Nutrition can play a significant role in the management of dogs and cats with cancer. Pets with cancer could experience weight loss because of decreased intake of food secondary to physical obstruction (e.g. a tumor growing within the oral cavity) or because of decreased appetite secondary to side effects from various treatments. However, some pets with cancer will lose weight even though they are ingesting adequate amount of calories per day. Cancer cachexia is the specific terminology that applies to weight loss despite adequate nutritional intake seen in patients with tumors. The weight loss comprises both the loss of both lean body mass and fat stores. This can lead to problems with healing wounds, immunosuppression, and organ dysfunction.
Surprisingly, studies indicate many pets with cancer are actually overweight or obese at the time of their diagnosis. It is unclear whether over conditioning contributes to the development of cancer. The nutritional management of these patients can be a challenge. There are many concurrent health risks associated with obesity including musculoskeletal disease, diabetes, glucose intolerance, and immunosuppression. Therefore weight loss in these patients would certainly be beneficial for long-term survival. However, balancing planned weight loss in the face of treatment is difficult, and the typical weight-loss plans used for healthy animals are not appropriate for our cancer patients.
The major building blocks of any diet include carbohydrates, fats, and proteins. Several different metabolic alterations in these nutrients have been discovered in pets with cancer:
With regard to carbohydrates, tumor cells readily use glucose as a source of energy, and the by-product of this metabolism is lactate. Lactate is a cellular waste product that can be converted back to glucose, but this occurs at the net expense of energy by the animal, contributing to a cachectic state. Dogs with various types of cancers have elevations in blood lactate levels and elevated blood insulin levels, compared to healthy control dogs, and these changes do not always resolve following treatment of the tumors.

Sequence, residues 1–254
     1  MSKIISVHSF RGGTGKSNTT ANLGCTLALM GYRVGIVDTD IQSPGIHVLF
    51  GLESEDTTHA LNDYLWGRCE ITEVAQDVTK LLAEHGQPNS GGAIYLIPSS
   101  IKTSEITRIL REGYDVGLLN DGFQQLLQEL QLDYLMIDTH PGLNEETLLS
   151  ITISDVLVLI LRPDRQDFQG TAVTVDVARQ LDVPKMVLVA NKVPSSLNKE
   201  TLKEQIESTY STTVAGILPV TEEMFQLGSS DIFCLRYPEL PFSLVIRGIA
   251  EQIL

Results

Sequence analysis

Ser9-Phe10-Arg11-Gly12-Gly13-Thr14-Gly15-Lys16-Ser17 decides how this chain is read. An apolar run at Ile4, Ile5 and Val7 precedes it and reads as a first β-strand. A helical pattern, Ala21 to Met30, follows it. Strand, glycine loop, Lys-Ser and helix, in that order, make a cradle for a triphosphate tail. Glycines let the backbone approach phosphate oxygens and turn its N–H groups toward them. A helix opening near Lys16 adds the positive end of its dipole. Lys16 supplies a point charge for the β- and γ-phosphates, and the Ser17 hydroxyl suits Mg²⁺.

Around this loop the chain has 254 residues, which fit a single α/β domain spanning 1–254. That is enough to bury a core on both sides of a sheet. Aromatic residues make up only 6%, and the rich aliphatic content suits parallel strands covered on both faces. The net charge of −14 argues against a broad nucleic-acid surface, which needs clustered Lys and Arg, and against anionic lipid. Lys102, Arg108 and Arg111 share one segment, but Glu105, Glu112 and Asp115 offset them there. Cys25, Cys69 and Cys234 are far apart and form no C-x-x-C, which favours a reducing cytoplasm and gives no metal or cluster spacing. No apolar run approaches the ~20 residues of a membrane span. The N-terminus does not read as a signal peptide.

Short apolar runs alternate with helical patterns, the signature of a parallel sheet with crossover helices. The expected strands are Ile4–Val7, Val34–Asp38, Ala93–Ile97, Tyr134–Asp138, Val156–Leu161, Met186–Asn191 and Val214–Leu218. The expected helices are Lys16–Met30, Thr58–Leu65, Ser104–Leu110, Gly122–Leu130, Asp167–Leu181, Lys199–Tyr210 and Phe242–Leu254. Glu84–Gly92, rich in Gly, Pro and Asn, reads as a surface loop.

In one study, dogs with cancer had alterations in several different blood levels of amino acids, the building blocks for protein synthesis. Like carbohydrates, these alterations in amino acid levels did not normalize following removal of the tumor, suggesting long-lasting effects in protein metabolism are caused long before treatment is initiated. This could contribute to immune system dysfunction and poor wound healing.
Similarly, another study showed that dogs with cancer have altered lipid profiles that favor the catabolism of fat tissue, which may contribute to the development of cachexia. In one study, a small number of dogs with lymphoma were fed an experimental diet supplemented with enhanced levels of n-3 fatty acids. Results indicated for a specific subset of dogs with lymphoma (Stage III only undergoing treatment with single-agent doxorubicin chemotherapy), dietary supplementation with n-3 fatty acids contributed to longer disease-free intervals and survival times. In another study, dietary supplementation with n-3 fatty acids decreased radiation-induced damage to the skin and oral mucosa in dogs with nasal tumors.